Drunk driver sentenced to a change of address

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The Independent Online
Santa has gone home and the champagne corks popped on New Year's Eve have been swept away. Now is the season for drunken drivers caught tipsy at the wheel to face the music. But no one is likely to be contemplating a punishment as novel - or convenient - as the one handed down to Dennis Cayse.

Mr Cayse, 50, a self-professed alcoholic from Cincinnati, Ohio, has been charged 24 times under the state's drunken-driving laws since 1971. He has been to prison twice and his driving licence was permanently revoked years ago. Three weeks ago, however, he was hauled over once again, happily driving his wife through the countryside. And he was way over the legal limit.

In delivering a sentence that has enraged anti-drunken driving groups around the country, Judge James Hapner, who has dealt with Mr Cayse on several occasions, offered this solution. Mr Cayse must move to within "easy walking distance" of a liquor store. If he fails to comply within 30 days, then he will be sent to jail for one-and-a-half years.

"He doesn't deny he's an alcoholic, he just doesn't see that as a problem," the judge said, after issuing his ruling. "It's my hope that he'll walk to get his beer and wine. Whether it will work or not, I don't know."

It was partly the track record of Mr Cayse that prompted the state of Ohio two years ago to pass a new law, making Driving Under the Influence (DUI) a felony punishable with prison. Until then, judges were unable to incarcerate repeat offenders.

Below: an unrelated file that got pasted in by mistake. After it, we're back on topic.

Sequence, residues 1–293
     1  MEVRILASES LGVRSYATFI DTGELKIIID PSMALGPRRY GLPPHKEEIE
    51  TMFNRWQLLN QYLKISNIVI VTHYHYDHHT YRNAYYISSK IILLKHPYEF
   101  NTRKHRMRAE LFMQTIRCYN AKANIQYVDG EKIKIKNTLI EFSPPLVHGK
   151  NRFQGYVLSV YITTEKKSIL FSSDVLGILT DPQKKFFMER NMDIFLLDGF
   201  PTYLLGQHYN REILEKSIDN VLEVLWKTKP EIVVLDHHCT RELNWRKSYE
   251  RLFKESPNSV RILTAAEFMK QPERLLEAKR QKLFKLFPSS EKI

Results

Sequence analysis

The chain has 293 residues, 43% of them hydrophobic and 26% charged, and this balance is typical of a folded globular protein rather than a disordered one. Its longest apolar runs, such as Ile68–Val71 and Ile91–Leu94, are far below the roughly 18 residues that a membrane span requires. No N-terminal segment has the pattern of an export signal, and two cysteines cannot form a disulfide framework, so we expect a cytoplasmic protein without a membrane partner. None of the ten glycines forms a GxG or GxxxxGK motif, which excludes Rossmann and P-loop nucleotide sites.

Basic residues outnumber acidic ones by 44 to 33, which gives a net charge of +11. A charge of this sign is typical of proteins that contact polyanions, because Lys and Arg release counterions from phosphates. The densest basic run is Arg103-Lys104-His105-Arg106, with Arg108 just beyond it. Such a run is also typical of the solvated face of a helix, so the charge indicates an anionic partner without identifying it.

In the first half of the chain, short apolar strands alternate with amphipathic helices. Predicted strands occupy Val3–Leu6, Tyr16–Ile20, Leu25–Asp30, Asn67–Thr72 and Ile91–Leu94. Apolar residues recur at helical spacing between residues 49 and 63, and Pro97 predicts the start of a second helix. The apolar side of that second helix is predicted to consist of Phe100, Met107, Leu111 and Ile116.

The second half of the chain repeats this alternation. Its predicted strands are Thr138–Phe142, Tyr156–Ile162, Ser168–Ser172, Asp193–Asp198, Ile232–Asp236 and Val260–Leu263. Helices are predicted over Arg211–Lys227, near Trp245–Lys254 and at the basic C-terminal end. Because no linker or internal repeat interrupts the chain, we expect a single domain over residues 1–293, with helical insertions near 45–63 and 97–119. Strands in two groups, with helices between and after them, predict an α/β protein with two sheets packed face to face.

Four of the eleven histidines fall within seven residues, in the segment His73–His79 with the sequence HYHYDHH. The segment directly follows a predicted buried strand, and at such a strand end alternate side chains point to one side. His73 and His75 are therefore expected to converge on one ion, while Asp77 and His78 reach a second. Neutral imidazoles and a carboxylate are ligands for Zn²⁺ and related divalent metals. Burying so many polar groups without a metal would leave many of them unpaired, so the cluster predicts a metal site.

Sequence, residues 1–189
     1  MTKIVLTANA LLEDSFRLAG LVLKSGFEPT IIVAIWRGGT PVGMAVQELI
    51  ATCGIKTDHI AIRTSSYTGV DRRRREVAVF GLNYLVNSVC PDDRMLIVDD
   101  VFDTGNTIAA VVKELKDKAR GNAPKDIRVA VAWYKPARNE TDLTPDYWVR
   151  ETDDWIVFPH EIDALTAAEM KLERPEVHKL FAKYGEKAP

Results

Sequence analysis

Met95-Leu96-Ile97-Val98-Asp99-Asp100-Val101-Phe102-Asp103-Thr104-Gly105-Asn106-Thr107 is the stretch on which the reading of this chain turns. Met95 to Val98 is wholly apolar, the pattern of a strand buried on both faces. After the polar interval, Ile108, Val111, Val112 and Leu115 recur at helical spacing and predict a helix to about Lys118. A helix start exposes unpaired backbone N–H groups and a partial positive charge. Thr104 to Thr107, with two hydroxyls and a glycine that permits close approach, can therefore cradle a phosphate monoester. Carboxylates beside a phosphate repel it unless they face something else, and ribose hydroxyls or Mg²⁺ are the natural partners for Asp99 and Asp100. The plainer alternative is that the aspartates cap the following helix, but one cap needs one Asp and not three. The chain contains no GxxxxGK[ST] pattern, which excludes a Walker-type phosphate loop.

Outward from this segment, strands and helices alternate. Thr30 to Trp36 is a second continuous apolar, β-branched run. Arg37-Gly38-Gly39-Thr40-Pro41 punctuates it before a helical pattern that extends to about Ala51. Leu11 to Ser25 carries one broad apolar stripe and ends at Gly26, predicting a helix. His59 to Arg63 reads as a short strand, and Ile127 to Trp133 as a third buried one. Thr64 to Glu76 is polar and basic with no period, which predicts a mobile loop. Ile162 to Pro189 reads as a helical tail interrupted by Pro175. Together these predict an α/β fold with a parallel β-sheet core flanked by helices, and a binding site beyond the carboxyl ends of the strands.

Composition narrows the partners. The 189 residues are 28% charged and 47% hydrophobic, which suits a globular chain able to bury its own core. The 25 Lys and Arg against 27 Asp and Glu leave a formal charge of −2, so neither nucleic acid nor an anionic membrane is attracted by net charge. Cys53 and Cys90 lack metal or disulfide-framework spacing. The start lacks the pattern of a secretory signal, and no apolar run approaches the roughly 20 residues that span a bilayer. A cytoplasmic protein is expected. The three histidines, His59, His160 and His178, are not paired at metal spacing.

Local police apparently agree that the judge was at the end of the road in finding new ways to handle Mr Cayse. Saying he had no problem with the sentence, Sheriff's Lieutenant Ronald Ward said: "I have known Dennis for a long time, and I've never seen him sober, except when he was in jail".

There are other provisions in the sentence. In addition to having to move house, Mr Cayse was ordered to spend the first week of every year in prison for the next five years. He was due to begin the first of those seven-day sentences yesterday.

Moreover, Judge Hapner ruled that Mr Cayse must be handcuffed to the passenger-side door whenever he rides in a car. Failing that, there must be a passenger sitting between him and the driver. How these arrangements will be policed was not made clear.

Celeste Teresh, the state president of Ohio's chapter of Mothers Against Drunk Driving (Madd), was less than impressed. "Mr Cayse is a multiple offender and telling to move next to a liquor store is not going to solve the problem," she said yesterday. "It is time to rethink the judicial system on this."

"Easy walking distance", by the way, was carefully defined by Judge Hapner. In a country area it must be three-eighths of a mile or less, while in an urban area half a mile or less would satisfy him. Mr Cayse has made no comment.

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